The Splosh! forums are still mostly British in membership—the people quoted here all live in the UK—and the national character that Shipton so expertly explored continues to show in the content users share with each other. Marion enjoys that specificity, especially as other sites have become noisy and generic. Other members concur, and there is a notably friendly intimacy in the various threads. Marion explains:

The Splosh forum has a very British tone, and that’s one of the things I love about it. I think there’s something about sploshing that allows us Brits to simultaneously defy and live up to national stereotypes about how we do sexuality, and we are quietly amused at the irony. You see, sploshing really is a ridiculous way to become aroused and the resulting amateur porn is often undignified, awkward, eccentric, sexless, and absurd. And that’s sort of the point; you take those feelings, cock a snook at them, and then start throwing paint around. It’s an insider joke that would get lost amid the traffic on busier international websites.

Would an American audience understand what is meant by ‘enjoying yourself too much’? It is considered scandalous, on this polite little island, to be seen to be ‘enjoying yourself too much’. Sploshing is ALL ABOUT enjoying yourself too much, so on the Splosh forum you’ll find many people who have a keen eye for the point where a good social politeness rule becomes oppressive or puritanical. It’s a line that every culture must constantly negotiate and re-negotiate. The Brits do it best through the comedy of embarrassment, both in our public discourse and our private interactions with each other. The sploshing fits right in.

Another user, messyalan, discovered his attraction to WAM when he saw pie fights on old black and white television shows. For him, the charge comes in that first moment when something messy lands on his clothing: “Either by accident or on purpose. It is something you’re told not to do. The destruction of gorgeous clothes. It is not always erotically charged but the feeling of slipping and sliding in something messy can usually arouse me.” He doesn’t care about the edibility of the material he pours on himself, as long as it’s “something that is going to make a real mess.” Having found a supportive partner and community, he is less worried about being found out these days than he used to be. “I keep it a secret only because most other people wouldn't understand. However if asked I would probably admit to some or all of my fun.”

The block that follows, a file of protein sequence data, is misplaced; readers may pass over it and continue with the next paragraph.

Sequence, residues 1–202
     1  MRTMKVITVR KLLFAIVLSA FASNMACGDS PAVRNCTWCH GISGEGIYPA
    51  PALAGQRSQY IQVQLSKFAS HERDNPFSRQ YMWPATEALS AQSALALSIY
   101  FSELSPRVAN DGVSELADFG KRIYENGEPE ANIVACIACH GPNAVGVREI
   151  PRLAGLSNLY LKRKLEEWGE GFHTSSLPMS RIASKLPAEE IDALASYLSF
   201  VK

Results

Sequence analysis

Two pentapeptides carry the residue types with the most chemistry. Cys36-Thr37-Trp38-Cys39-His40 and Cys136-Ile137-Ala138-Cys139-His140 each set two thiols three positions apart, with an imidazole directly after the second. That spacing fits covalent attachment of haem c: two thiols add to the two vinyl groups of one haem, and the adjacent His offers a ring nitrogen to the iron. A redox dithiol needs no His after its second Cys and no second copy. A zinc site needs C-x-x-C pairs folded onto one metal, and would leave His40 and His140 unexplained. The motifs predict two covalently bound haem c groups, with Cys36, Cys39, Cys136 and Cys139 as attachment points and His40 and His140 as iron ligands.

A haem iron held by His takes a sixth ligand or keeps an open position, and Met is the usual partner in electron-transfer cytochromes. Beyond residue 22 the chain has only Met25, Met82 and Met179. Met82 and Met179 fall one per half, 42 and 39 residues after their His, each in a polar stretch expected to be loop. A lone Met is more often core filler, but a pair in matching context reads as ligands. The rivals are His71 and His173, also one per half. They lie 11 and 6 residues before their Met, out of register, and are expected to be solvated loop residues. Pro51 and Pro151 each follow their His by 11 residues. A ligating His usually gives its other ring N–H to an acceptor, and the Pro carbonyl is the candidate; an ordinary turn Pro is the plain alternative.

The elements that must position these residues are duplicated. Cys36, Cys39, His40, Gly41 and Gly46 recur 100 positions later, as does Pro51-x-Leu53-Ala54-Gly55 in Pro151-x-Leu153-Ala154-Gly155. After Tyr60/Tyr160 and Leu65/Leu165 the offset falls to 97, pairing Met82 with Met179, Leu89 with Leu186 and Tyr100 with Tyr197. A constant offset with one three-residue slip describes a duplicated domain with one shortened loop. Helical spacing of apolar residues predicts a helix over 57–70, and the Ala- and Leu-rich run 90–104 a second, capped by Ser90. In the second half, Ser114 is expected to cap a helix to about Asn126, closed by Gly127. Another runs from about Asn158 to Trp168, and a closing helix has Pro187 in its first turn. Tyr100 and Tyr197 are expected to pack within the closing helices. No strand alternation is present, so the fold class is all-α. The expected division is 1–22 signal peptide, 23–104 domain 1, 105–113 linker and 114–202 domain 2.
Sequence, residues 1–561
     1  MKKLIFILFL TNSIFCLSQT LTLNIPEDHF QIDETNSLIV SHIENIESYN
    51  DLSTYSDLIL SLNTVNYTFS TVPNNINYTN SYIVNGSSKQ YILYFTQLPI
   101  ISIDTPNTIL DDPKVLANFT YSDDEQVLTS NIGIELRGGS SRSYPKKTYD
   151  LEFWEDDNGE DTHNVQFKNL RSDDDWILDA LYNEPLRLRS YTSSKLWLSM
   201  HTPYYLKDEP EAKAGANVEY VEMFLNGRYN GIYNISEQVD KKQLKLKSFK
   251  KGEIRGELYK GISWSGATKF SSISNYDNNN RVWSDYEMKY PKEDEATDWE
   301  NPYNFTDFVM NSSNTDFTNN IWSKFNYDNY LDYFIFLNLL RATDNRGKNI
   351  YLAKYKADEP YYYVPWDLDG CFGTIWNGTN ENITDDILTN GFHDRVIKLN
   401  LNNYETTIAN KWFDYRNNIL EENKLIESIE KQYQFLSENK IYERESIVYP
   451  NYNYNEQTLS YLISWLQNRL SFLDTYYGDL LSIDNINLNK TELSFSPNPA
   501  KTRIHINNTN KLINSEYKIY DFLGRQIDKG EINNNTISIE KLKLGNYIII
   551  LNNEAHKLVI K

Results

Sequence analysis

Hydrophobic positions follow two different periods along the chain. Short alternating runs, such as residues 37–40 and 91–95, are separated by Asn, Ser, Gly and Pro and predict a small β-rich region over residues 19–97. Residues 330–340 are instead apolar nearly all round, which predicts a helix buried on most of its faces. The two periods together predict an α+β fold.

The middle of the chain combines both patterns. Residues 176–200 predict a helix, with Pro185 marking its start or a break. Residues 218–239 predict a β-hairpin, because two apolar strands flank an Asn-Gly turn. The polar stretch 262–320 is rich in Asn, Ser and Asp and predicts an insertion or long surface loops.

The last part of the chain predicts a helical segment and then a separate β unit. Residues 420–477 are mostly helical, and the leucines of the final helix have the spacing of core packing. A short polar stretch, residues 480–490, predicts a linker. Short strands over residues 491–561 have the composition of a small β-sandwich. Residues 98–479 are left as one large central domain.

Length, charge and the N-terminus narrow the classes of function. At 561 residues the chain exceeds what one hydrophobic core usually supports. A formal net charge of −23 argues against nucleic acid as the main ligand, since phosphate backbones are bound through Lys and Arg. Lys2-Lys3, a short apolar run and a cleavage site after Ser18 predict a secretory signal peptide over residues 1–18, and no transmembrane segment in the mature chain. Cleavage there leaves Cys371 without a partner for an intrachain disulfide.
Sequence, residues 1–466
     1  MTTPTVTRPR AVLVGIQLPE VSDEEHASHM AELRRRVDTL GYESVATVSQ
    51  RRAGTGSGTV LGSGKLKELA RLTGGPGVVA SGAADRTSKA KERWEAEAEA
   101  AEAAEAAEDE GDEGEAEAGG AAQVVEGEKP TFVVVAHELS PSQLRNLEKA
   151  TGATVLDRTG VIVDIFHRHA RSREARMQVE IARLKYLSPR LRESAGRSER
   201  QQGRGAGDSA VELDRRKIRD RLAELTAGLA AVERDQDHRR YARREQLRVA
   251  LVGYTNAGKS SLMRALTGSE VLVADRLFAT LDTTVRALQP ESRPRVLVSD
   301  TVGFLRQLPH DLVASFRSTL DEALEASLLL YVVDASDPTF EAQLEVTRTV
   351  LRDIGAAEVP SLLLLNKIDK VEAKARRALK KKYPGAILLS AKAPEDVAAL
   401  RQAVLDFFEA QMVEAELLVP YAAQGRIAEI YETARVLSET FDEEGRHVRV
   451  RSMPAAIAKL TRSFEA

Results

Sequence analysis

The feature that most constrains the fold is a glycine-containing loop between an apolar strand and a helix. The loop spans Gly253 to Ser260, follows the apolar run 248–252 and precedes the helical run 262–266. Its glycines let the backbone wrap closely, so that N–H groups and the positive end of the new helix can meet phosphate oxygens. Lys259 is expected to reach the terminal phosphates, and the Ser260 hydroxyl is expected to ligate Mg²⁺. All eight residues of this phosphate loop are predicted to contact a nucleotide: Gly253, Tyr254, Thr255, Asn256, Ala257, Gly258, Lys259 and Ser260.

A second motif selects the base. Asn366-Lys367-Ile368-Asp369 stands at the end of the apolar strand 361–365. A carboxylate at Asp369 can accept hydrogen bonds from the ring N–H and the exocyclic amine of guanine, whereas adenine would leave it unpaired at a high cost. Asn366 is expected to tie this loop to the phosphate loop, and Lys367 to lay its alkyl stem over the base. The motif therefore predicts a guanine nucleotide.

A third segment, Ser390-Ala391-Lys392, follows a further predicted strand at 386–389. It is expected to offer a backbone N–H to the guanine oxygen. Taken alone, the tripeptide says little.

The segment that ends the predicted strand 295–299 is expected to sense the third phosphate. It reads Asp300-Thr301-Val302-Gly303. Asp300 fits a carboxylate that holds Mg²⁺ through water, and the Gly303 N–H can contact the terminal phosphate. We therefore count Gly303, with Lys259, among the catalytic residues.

User sol84 also saw pie fights on Laurel & Hardy and felt something more than amusement. “Seeing someone get pied is a sexual act for me.” Years later, he happened to see Shipton on television, hanging out in Janus, a famous sex shop. Within days, he made the drive from Northern England to London. The shop carried Splosh!, and with it the revelation that he was not alone. He describes himself as a “WAM polyglot” who enjoys all manner of substances, both edible and non: “I do categorise 'harder/softer' substances, which relates to difficulty getting clean. So paint, flour, etc. are more hardcore than foam, custard, etc. If the mood is right, then harder is the deeper turn on—mostly from the realisation of how much clean up there will be.”

All three of these members (and others in various threads) say that without Splosh! They never would have been able to accept their particular predilections and feel at ease with themselves. Though it forms a central part of their identities, they keep it secret except for spouses and close friends; this tension is made much more bearable, even pleasurable in its secrecy, by the online community—a feeling no doubt shared by fetishists of all stripes. Today, in addition to Splosh!, there are several other sites specializing in WAM material. Communities exist all over the world. Online content, as in pretty much every other area of human culture today, abounds, in many forms (though it’s mostly resolutely amateur). “Sploshing” has entered the language, and there are myriad subsets and variations: solo, group, clothed, naked, and scenes including hardcore sex, thrashing around in puddles of multicolored goo.

Clive Harris/Bill Shipton was not a particularly successful writer, nor a polished performer. He was, however, tireless in his desire to explore and express the joys of his fetish for the world to see. By doing so, he gave countless others permission to follow their own desires and accept their foibles as essential and benevolent facets of themselves. By following his urges and celebrating his strangeness, he managed to make the world less frightening for people like him. One forum member thanks Shipton for all the money he saved the NHS in unincurred therapists’ bills. I’ll give Marion, ever eloquent, the last word: “All my life I felt burdened by the fact that my fetish was so unheard of and ignoble that it didn’t even have a name. Then I found Splosh!